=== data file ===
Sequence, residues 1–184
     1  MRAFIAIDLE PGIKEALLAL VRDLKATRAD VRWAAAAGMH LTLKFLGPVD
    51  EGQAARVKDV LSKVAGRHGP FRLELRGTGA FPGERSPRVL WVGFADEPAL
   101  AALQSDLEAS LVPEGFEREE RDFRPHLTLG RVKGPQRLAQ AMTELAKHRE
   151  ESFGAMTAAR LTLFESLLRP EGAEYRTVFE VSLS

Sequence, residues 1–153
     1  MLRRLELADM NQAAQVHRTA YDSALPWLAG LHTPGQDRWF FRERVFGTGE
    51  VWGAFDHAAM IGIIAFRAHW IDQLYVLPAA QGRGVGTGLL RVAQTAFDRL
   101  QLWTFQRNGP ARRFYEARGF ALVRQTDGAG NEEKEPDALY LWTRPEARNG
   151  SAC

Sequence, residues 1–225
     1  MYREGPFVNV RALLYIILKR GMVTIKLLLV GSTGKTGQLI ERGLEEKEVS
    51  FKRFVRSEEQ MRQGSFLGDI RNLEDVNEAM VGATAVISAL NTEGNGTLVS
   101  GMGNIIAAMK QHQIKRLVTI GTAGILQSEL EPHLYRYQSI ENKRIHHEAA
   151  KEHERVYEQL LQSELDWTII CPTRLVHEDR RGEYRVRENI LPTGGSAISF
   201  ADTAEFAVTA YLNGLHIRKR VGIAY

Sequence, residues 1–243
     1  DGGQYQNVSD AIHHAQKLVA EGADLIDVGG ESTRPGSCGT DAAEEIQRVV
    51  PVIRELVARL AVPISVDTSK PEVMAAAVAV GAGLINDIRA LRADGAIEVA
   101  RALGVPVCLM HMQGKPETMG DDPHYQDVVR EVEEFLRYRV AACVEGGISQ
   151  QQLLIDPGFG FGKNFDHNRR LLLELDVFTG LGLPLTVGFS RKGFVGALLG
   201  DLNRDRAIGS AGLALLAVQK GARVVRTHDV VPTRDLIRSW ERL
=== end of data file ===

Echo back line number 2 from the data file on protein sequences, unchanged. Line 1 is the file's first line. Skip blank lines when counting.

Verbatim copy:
     1  MRAFIAIDLE PGIKEALLAL VRDLKATRAD VRWAAAAGMH LTLKFLGPVD